30 September 2016

Curry Leaves

There's been a lot of questions about curry leaves coming up as of late. I figured now is as good a time as any to answer them.

18 September 2016


As promised, here's the written instructions for the basic daal tarka: http://goonswithspoons.com/Daal_Tarka

The thing about daal is that there are so many different types out there that it's impossible to pin it down to one technique or recipe. I tried to give  general overview here about the regionality of daal, and how it generally works for most people. I ended up rambling a lot.

There's an excellent article (with pictures) about daal written here:


It gives cooking times and ideas of what to do with the various daal we use.

12 September 2016

Fat Free :(

In response to Margie, I've made a new episode, discussing fat free cooking. It's been difficult but I'm glad I tried it.

08 January 2016

DK Press's Herbs & Spices

This is a really great book in the same high quality that you'd expect from any book coming from DK Press. The pictures are beautiful and plentiful. There's also plenty of information on what exactly that spice pairs well with. This means that if you bought the spice for a specific recipe, but don't know what else to do with it, you can read the notes on what it pairs well with, and experiment with other recipes that contain those flavours. Basically, this is your roadmap to spices, and it couldn't be more pleasant to use.

This is a reference book that's rather useful to have on hand, especially if you're interested in trying new spices that you haven't tried before. There are times when a cookbook calls for a specific spice, and you're not sure whether you should bother going to the store and getting it, substituting something else that you have around the house, or leaving it out entirely.

The point is that recipes aren't always very specific on how to substitute, or even if you should. With Herbs and Spices, you've got a good understanding of how the spices behave. For example, the section on tamarind describes it as having a sour, slightly sweet taste. If a recipe calls for tamarind, but you don't have it, you can substitute based on that understanding. If there's a lot of tamarind in the recipe, you'd go out and buy the stuff. If there's just a little bit, you'll know what it is you're trying to reach with the addition of the tamarind, and can adjust as necessary.

What I love about this is that it's opened up my world to sharing different spices in my own recipes than the ones I normally ask people to use.

05 January 2016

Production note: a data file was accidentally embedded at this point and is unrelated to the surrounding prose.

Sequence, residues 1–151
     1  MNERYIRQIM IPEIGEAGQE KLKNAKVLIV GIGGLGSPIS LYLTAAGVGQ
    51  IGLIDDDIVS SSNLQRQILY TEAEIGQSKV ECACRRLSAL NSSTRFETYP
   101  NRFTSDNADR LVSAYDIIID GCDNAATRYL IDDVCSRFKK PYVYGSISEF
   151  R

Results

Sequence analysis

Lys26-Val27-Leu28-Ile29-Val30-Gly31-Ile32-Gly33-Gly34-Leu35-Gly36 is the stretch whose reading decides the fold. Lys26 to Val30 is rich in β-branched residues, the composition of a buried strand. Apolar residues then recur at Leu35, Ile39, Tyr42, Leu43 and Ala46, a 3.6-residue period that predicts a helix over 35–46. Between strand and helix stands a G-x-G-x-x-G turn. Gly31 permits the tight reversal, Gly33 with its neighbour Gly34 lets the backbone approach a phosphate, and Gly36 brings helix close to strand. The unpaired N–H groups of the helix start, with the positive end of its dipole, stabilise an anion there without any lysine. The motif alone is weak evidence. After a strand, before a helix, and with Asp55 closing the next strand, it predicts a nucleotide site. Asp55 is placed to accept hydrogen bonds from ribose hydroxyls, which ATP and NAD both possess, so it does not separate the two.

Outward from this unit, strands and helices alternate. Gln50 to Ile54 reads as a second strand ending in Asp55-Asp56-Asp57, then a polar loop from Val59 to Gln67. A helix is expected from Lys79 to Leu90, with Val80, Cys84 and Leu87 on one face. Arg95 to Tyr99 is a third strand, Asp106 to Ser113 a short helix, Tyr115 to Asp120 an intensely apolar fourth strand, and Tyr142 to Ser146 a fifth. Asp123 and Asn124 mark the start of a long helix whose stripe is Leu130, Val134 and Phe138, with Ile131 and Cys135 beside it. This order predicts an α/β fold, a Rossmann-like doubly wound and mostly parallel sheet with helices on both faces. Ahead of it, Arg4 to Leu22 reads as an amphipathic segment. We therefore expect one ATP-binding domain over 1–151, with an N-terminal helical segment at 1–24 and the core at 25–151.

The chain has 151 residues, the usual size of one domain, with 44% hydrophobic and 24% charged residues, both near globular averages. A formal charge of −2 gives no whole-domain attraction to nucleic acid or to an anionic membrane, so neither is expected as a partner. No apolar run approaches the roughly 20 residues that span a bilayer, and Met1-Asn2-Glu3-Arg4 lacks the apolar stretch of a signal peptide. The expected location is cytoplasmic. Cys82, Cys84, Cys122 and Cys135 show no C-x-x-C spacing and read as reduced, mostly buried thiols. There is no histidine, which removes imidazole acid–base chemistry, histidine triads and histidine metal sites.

Vegetable Butcher

I sometimes get questions from people about what to do with X vegetable, or who just need a bit of inspiration for what to do with a vegetable.

Vegetable Butcher is a book by Cara Mangini, a chef who's worked at Eataly in NYC at the vegetable butcher they have there. What is a vegetable butcher? It sounded ridiculous to me until I was talking with my friend Tasha about vegetables that are a pain to deal with: artichokes, fiddlehead ferns, etc. We both agreed that if we could go to the store, pick out the plumpest, heaviest, most stunning examples of artichokes, then drop it off at a vegetable butcher counter to have someone else trim the poky leaves, and scoop out the choke, and do all the rest of the "labours of Hercules" (according to Jennifer Patterson of Two Fat Ladies fame) involved in cleaning and preparing the artichoke to cook, we'd pay the premium price! Why? Because it'd still be cheaper than buying it at a restaurant!

The reason you buy Vegetable Butcher is for one reason alone: inspiration! And what an inspiring book it is! Stunning photos for each vegetable. Plenty of instructional pictures to tell you how to prepare the vegetable.

Beautiful pictures abound on every page. Practical, straightforward advice for preparing and cooking the vegetable. Just flipping through, looking at the pictures, and reading the compatible flavours sections of each vegetable will get you hungry, and ready to cook on your own.

If you're more of a novice cook, and need more guidance, there are slightly more detailed blurbs about what to do with the vegetable in question. If you need still more inspiration, there are imaginative recipes (many with full colour beautiful images to accompany them) that tell you even more in detail what to do.

This is not vegan, by any stretch of the imagination, but all the recipes can easily be adapted to become vegan. Every recipe I've read has been vegetarian. That's what I love about this book. Yes, there is a bit of cheese, or butter here and there, but that's not the focus, and you could well leave it out or substitute it! It's not like some books where the vegetables take a back seat to meat. Instead, there is no meat. It's all vegetables, with plenty of different kinds of spices and the like.

I love a book that I can flip through on a rainy day, hot cup of tea by my side, and just get inspired from. The best part is that it publishes in the Spring, which means that you'll have plenty of inspiration about what to do with the haul you get from your farmer's market, food co-op, CSA, or even manager's specials at the grocery store (I'm as broke as you are--I won't judge!) throughout the season of plenty. It'll take you right into the summer with all the bountiful produce coming into season then too.

I'm gushing so much about this because I was truly inspired to get out and cook different things. It broke me out of my mental rut. I hope when you get your hands on the Vegetable Butcher, it will do the same for you!